Why do you write flash? What makes it different for you?
When I started writing flash it was mostly out of necessity. I was struggling to finish a novel and even traditional length short stories felt daunting. I was a new parent, working full time, with a long drive/commute. My time was limited and so I began writing flash. The sense of completion was very fulfilling, but I also really came to love the form—what makes it different for me is the challenge, the possibility of saying so much in so little space.
What’s your writerly lifejacket: character or plot?
That’s an easy one: character. I like to say plot is my kryptonite. I think I’m getting better.
Writing style: Quick and messy or slow and precise?
Slow and precise—that’s me. I labor over sentences, syllables, commas, em dashes, the sound/feel/look of certain letters when juxtaposed against other letters. It takes longer to get a first draft, but usually—usually—it’s a fairly solid first draft. I’m a turtle. I try to focus on achieving momentum—no matter how large or small—every day. Or every week. My writing time lately has been pretty minimal.
What element or part of your “real life” do you think most influences your writing?
It’s an obvious answer, but it’s true—I’d have to say being a parent and having a family. It does change how you navigate and view the world, and if you’re squeezing in writing fiction in addition to family life and work and anything else, it forces you to focus and maximize any writing time you have. There’s no later; there’s no putting it off until the moment is right and you find the ideal writing conditions; there are no writing conditions except having a desire and compulsion to write and keep writing.
If you could recommend a few flash stories or writers, who/what would it be?
Wow. So many. I’m just going to start listing without thinking about it too much…
“Three Things You Should Know About Peggy Paula” by Lindsay Hunter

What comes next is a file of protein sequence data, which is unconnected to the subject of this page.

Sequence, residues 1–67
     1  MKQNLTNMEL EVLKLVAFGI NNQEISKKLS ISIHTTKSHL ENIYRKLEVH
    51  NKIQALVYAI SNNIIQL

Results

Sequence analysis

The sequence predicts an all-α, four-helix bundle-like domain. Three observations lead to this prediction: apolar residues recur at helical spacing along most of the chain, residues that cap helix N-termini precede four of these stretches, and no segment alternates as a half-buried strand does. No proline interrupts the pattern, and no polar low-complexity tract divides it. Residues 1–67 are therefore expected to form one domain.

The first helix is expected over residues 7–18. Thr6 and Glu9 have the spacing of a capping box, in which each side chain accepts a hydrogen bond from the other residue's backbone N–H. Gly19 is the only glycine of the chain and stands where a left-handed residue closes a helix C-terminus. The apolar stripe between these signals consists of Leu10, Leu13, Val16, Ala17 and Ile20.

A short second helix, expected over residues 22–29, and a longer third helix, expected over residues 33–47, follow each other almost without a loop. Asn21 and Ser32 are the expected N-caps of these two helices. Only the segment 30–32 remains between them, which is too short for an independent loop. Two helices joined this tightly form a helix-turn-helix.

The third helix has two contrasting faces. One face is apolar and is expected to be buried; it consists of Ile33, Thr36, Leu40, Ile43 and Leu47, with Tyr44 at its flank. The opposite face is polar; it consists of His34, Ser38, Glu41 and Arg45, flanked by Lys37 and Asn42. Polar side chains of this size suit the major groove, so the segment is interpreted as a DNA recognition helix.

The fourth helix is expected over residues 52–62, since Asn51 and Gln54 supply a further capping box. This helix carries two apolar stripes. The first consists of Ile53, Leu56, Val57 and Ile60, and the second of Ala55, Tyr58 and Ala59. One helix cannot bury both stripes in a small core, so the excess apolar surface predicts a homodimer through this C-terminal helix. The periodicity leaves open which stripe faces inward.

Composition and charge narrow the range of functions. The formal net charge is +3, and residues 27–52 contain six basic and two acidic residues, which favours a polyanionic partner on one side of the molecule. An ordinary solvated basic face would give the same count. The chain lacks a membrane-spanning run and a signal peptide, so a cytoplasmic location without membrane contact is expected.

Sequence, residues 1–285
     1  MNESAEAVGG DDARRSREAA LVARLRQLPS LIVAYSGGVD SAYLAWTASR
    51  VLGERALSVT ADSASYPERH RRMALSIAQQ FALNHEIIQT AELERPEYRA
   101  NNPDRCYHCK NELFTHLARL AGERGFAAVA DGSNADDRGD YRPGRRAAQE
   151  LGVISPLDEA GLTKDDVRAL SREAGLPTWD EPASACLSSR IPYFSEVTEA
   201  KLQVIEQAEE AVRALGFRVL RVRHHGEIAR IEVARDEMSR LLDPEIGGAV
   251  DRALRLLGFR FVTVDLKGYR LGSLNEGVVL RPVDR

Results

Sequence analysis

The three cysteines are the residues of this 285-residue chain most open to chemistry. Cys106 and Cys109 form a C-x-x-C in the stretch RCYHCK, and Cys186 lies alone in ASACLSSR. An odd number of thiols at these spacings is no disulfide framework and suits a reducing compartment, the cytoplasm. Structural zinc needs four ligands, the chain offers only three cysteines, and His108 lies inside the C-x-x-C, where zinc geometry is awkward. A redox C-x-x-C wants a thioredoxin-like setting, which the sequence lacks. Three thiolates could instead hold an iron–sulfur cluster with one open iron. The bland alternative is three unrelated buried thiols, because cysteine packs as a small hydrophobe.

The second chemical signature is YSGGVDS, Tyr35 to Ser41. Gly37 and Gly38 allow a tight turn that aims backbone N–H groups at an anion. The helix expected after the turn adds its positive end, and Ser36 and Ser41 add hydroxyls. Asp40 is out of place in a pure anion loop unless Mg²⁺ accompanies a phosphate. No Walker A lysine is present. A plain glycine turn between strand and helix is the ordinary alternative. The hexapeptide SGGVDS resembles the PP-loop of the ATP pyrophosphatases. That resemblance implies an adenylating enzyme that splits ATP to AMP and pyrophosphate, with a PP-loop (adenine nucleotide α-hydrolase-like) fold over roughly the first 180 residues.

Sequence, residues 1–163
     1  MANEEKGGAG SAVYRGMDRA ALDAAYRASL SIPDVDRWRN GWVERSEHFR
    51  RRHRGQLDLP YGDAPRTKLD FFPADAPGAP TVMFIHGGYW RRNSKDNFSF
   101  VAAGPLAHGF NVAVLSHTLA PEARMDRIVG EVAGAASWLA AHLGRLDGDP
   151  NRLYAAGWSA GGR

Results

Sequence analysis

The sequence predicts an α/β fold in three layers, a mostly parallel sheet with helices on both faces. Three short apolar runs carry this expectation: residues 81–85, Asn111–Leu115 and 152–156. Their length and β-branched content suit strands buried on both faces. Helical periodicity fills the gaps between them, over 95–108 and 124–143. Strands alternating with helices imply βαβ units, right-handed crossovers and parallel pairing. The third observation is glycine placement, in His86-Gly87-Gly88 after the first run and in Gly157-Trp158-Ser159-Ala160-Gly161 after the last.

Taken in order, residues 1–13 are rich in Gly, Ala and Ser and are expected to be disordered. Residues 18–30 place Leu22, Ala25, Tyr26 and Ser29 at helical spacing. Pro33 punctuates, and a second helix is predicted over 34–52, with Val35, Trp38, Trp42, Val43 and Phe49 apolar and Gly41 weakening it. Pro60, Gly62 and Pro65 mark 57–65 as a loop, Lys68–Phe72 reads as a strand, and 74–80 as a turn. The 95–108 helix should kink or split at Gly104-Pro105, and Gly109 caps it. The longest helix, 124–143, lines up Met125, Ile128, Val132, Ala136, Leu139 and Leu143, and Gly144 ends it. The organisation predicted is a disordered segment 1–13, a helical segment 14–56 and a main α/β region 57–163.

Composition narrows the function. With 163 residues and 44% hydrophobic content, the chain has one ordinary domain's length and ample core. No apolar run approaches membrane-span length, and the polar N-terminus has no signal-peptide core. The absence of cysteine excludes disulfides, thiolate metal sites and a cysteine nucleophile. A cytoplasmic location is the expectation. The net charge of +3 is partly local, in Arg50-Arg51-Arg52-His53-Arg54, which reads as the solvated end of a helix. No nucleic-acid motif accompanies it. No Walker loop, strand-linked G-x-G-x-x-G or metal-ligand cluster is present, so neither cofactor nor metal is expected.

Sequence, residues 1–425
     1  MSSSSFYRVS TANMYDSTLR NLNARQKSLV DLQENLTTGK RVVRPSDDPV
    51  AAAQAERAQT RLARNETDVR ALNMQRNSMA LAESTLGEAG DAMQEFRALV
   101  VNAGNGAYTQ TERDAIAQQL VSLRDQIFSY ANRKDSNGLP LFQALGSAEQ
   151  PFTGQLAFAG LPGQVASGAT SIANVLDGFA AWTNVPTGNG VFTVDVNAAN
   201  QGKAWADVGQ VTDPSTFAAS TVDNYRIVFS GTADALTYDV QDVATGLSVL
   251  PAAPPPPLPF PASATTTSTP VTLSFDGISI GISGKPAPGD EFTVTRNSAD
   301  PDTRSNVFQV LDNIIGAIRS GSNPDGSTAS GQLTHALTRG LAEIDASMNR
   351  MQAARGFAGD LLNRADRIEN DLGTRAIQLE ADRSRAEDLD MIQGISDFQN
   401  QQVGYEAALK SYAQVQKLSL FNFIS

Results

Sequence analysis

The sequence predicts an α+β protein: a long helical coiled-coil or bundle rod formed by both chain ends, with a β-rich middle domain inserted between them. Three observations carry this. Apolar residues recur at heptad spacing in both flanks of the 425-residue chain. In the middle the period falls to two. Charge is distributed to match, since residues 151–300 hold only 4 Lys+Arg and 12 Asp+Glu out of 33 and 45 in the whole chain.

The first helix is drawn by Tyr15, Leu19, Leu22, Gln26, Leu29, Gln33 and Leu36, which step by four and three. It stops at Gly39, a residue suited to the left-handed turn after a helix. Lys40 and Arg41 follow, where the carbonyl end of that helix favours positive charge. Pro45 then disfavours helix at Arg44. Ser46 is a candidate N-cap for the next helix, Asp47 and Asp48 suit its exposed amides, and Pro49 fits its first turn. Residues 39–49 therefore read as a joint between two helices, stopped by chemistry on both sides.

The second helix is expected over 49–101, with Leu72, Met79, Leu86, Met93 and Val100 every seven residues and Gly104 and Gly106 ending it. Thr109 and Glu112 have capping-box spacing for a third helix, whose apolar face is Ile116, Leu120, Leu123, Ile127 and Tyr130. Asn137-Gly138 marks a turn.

“The Once Mighty Fergusons” by Kathy Fish
“Baby Arm” by Roxane Gay
“Wants” by Grace Paley
“Forever Overhead” by David Foster Wallace
And some writers who do flash: Joy Williams, Lucia Berlin, Deb Olin Unferth, Josh Denslow, Meg Pokrass, Ethel Rohan, Robert Vaughn, Len Kuntz, Kim Chinquee, Heather Fowler, Lauren Becker, Ben Loory, Sara Lippmann…
What story of yours do you wish got more recognition?
I feel like I’ve been very lucky and have been able to place stories in various publications. One of my favorite stories—and I think one of my best—is “A Matter of Twenty-Four Hours.” It appeared in Glimmer Train and it’s in my collection Where You Live. So I can’t really complain about recognition. But I’d love it if more people found their way to this story.
BIO: Andrew Roe is the author of the novel The Miracle Girl, a Los Angeles Times Book Prize finalist, and Where You Live, a collection of short stories. His short fiction has appeared in Tin House, One Story, The Sun, Glimmer Train, The Cincinnati Review, and other literary magazines, as well as the anthologies Where Love Is Found (Washington Square Press) and 24 Bar Blues (Press 53). In addition, his essays and reviews have appeared in The New York Times, San Francisco Chronicle, Salon.com, Writer’s Digest, and other publications. He lives in the San Francisco Bay Area with his wife and three children. For more information, visit andrewroeauthor.com.